This summer, I grew dahlias for the first time in years. The flowers have been gorgeous, and they did well considering all of the challenges thrown their way.
First, the quail nibbled the new sprouts as soon as they came up. One of my dahlias decided that was the ultimate insult and never sent up more shoots.
I caused another problem by planting sunflowers in the same bed without realizing their massive leaves would shade the dahlias too much.
When the heat wave hit in late June, they required a lot more water. The plants still bloomed for me, but I had the sense they were saying, “You expect us to flourish under these conditions?”
Now that fall is rapidly approaching, I want to overwinter the tubers so I can grow them again next year. I’ve promised the plants better conditions next year but want to get this step right.
Because I am a novice, I consulted with Nicki Farrell who, with her husband, Scott, grows thousands of dahlias at Tall Grass Farms in Medical Lake. There are many different methods for digging and overwintering tubers, but I figure that they know what they’re doing.
“There are many ways, but taking your specific local climate into account is crucial since most online directions are geared more for coastal weather,” she told me.
Nicki and Scott dig their tubers when they are ready rather than letting the frost dictate when that happens.
“If we frost early, we dig as soon as they are frozen because, at that point, the dahlias are done,” she said.
“In that rare year we make it longer, we cut down the plants toward the end of September because, in October, the weather can really take a turn for the worse.”
Digging up thousands of tubers is a monumental process. She and Scott only dig up what they can process in one day. This involves digging, washing the tubers, dividing them and packing them away.
“Digging and letting them sit will basically either shrivel up the tubers or turn them limp, floppy tubers like leaving a carrot out of the crisper,” Nicki said.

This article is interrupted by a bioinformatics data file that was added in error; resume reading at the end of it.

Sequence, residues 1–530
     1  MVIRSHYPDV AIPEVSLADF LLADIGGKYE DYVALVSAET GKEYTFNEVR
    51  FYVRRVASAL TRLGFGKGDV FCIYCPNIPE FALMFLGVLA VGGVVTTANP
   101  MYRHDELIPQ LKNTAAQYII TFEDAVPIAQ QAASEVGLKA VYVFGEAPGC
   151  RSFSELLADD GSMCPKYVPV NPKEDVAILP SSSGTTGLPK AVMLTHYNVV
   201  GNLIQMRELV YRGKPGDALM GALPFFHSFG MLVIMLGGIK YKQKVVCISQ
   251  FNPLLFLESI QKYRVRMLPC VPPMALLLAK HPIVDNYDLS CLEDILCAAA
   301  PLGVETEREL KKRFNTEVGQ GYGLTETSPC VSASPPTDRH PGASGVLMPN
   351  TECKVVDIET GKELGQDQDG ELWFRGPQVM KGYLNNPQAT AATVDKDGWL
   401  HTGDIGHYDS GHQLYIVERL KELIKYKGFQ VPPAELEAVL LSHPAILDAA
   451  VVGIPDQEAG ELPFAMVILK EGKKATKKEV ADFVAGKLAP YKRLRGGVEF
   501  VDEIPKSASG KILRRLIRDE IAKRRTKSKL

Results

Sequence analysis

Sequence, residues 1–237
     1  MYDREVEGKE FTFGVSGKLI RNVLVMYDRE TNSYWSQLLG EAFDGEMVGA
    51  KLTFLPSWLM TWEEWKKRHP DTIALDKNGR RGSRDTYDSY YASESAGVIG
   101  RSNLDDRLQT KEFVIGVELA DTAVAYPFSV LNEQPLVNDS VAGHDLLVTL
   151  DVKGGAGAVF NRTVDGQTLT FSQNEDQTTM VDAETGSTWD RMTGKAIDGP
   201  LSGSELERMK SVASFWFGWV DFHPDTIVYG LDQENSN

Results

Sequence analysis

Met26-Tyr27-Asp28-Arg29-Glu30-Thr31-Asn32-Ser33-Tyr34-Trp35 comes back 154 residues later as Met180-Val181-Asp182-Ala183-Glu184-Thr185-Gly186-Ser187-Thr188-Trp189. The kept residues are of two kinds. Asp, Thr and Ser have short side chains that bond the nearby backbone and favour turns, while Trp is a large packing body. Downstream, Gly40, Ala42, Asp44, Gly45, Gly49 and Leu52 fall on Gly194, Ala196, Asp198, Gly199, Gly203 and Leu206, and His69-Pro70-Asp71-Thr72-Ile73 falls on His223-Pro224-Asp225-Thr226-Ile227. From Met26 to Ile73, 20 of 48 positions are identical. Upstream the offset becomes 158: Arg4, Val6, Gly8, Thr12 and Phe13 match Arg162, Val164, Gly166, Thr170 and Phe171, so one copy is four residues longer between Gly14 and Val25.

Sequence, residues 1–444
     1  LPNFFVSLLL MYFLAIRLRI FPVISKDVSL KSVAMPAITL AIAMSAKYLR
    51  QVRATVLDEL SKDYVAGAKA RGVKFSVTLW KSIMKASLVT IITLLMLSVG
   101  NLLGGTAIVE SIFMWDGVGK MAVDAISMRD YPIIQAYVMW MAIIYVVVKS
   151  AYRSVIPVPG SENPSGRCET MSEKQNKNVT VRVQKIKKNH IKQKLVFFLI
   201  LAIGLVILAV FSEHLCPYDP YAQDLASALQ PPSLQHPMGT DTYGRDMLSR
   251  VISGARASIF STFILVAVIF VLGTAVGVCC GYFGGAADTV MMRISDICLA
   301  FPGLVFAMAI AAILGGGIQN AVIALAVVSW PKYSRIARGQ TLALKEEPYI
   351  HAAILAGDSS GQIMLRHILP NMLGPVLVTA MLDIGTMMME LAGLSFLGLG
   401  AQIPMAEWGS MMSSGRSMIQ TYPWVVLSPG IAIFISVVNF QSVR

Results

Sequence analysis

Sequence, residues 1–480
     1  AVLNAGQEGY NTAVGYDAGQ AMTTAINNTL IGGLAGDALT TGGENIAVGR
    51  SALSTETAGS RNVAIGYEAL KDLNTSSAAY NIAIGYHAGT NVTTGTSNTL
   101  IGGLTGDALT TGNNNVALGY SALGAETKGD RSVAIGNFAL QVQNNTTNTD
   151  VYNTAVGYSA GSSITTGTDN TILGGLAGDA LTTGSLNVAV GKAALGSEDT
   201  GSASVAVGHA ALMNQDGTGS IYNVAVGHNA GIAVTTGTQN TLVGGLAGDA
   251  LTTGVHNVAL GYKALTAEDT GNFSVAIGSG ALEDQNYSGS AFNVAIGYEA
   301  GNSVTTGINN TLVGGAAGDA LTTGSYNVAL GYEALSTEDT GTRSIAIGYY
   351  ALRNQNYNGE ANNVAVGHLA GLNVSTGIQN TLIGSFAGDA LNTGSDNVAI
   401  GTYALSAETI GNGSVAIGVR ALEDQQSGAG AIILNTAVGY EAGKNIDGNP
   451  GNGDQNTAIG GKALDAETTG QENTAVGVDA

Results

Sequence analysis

“I hear a lot of people dig their tubers and let them sit out for a few days to dry, but that actually destroys them.”
After washing and dividing the tubers, they only let them sit out for 15 to 30 minutes on a sunny day until they are dry to the touch.
“We then pack the tubers in shavings and store them in plastic bags or bins,” she said. “We take them to our storage room, which is 40 to 45 degrees, and we keep it dark for the first few weeks.
“It’s normal to see condensation buildup due to the fluctuating temperatures. If it’s too much, we vent the bags a bit or even swap the tuber to a new bag with new shavings.
“After a month, we check the tubers, and if all is well, they should make it through the rest of the storage period.”
Nicki doesn’t want gardeners to get discouraged if they don’t have luck storing the tubers. “Don’t stray away from dahlias because of the storage process,” she said.
“Many tubers can be bought for about the same price as annual plants, and there is no shame in growing them, leaving the plants in place and buying new tubers the next season. It’s no different than buying your favorite petunias.”
Susan Mulvihill is author of “The Vegetable Garden Pest Handbook.” She can be reached at firstname.lastname@example.org. Watch her “Everyone Can Grow a Garden” video at youtube.com/susansinthegarden.
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